Origin of hectic
Examples from the Web for hectic
It's been hectic for Pragnell ever since he left Purdue and something tells me it's only going to get crazier.House of the Witch: The Renegade Craft Brewers of Panama|Jeff Campagna|November 30, 2014|DAILY BEAST
This is where the sporadic and hectic handling of the romance in the movies fails.Team Peeta or Team Gale: Why the ‘Hunger Games’ Love Triangle Ruins ‘Mockingjay – Part 1’|Kevin Fallon|November 28, 2014|DAILY BEAST
We spoke with the mother of two and recent California transplant about fusing charitable work with a hectic career.
She has been a regular fixture in the British gossip pages despite a hectic schedule of rehearsals.
Following that brief and hectic moment, though, Robinson was hopeful.An Uneasy Peace Falls on Ferguson after Local Cops Called Off|Justin Glawe|August 15, 2014|DAILY BEAST
Under her poke bonnet I saw her meekly parted hair and her faded cheeks, flushed now with a hectic colour.The Romance of a Plain Man|Ellen Glasgow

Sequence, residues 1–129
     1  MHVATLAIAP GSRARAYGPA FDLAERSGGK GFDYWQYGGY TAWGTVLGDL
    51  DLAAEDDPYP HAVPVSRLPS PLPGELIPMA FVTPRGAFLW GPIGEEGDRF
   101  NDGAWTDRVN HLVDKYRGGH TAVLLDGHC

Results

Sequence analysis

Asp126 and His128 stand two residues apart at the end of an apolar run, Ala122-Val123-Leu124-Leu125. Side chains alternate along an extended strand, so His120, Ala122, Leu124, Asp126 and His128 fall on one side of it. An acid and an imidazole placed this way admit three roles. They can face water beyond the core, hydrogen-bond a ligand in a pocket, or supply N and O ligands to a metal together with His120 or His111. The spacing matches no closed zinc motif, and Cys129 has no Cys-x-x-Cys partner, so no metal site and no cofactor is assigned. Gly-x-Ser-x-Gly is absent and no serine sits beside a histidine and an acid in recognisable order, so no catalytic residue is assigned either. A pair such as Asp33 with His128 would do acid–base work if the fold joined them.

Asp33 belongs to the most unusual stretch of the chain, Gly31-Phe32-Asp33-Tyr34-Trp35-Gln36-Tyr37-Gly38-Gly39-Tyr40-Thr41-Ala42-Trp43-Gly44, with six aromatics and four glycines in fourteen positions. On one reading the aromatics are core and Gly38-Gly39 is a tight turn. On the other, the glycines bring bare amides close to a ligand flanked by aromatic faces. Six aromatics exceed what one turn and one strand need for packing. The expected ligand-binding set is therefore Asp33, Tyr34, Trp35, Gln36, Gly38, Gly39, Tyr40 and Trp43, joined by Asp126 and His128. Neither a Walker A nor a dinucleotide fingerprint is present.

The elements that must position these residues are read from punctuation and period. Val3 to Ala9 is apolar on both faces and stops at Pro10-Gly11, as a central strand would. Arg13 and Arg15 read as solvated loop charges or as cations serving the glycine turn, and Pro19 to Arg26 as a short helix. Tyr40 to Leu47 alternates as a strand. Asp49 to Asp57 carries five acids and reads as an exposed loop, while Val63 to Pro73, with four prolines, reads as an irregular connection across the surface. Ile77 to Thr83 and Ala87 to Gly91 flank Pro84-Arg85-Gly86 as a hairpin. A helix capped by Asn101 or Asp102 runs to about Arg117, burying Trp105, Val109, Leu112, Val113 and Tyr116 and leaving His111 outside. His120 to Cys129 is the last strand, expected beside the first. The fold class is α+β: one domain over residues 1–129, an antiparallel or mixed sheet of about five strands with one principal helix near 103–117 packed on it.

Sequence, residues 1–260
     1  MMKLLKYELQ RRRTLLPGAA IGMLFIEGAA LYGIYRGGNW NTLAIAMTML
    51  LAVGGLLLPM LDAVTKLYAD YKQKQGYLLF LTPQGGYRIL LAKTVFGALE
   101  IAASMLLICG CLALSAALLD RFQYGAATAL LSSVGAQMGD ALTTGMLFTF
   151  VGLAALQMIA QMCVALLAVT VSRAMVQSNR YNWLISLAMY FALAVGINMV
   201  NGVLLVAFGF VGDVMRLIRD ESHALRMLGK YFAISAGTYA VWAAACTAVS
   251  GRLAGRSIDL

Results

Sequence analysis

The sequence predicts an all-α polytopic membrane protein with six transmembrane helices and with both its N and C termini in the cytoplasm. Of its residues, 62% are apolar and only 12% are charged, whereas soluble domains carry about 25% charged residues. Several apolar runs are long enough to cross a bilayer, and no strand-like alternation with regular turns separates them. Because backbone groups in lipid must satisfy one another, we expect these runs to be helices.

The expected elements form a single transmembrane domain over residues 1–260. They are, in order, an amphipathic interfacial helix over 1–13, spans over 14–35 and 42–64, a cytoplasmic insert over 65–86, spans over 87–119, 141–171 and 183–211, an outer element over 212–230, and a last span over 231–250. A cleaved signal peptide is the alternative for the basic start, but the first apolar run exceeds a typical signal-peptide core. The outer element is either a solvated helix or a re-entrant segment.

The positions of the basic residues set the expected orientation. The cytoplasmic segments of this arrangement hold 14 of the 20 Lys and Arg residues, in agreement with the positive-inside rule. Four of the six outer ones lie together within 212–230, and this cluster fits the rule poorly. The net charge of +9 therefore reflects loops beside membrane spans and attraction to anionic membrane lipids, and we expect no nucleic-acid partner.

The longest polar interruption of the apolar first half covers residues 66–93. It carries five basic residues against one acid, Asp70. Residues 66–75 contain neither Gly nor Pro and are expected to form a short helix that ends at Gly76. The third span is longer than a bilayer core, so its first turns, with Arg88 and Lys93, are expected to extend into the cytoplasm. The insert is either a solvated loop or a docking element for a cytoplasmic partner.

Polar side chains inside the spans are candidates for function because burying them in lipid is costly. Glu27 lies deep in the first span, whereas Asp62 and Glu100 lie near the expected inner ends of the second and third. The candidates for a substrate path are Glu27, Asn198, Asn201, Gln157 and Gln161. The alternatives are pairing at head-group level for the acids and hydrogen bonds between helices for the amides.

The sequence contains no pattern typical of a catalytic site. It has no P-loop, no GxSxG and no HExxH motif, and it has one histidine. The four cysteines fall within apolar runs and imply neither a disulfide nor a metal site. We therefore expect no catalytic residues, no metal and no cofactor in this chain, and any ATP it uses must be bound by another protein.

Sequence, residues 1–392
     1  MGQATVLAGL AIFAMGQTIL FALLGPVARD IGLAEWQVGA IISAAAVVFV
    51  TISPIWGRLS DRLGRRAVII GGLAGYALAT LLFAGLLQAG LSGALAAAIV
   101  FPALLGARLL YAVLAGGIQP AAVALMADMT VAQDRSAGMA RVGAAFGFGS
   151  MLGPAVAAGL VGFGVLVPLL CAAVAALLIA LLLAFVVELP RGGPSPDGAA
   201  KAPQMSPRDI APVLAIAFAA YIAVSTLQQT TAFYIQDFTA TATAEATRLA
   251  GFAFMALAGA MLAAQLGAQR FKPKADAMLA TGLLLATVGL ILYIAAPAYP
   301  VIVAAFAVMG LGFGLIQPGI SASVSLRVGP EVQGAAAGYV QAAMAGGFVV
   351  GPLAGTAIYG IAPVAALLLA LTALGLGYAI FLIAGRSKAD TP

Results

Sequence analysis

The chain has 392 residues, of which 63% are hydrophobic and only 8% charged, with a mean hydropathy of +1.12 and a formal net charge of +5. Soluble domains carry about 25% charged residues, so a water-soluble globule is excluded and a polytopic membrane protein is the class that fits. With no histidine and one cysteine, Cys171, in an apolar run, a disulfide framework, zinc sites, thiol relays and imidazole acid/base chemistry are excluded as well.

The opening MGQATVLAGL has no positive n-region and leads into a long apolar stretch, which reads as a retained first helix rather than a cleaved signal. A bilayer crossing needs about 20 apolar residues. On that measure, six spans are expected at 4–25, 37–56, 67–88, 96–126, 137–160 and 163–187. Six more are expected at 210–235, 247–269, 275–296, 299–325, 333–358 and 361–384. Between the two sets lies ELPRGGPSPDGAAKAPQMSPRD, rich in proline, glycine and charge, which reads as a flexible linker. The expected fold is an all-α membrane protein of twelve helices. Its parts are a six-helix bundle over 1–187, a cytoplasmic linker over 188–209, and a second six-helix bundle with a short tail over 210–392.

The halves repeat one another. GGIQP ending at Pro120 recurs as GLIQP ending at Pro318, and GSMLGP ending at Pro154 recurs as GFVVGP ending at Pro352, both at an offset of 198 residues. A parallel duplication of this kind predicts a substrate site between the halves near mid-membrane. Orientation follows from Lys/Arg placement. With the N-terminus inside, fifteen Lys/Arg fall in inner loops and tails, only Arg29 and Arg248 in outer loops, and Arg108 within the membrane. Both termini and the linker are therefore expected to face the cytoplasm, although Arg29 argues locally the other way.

His face lengthens, grows pale and bearded, with sunken eyes, the blotches of phthisis and hectic cheekbones of John F. Taylor.Ulysses|James Joyce
We narrow down from these to hectic souls content with a few thoughts which serve as a basis for the hearts fervours.The Mediaeval Mind (Volume II of II)|Henry Osborn Taylor
Then, a few days later, he suddenly emerged brilliantly radiant in the hectic glow of his belated midsummer madness.Heart of the West|O. Henry
The hectic flush in Lansdale's thin cheek began to define itself, with a little pulse throbbing in the centre of it.The Helpers|Francis Lynde
Word Origin for hectic
late 14c., etik (in fever etik), from Old French etique "consumptive," from Late Latin hecticus, from Greek hektikos "continuous, habitual, consumptive" (of a disease, because of the constant fever), from hexis "a habit (of mind or body)," from ekhein "have, hold, continue" (see scheme).
The Latin -h- was restored in English 16c. Sense of "feverishly exciting, full of disorganized activity" first recorded 1904, but hectic also was used in Middle English as a noun meaning "feverish desire, consuming passion" (early 15c.). Hectic fevers are characterized by rapid pulse, among other symptoms. Related: Hecticness.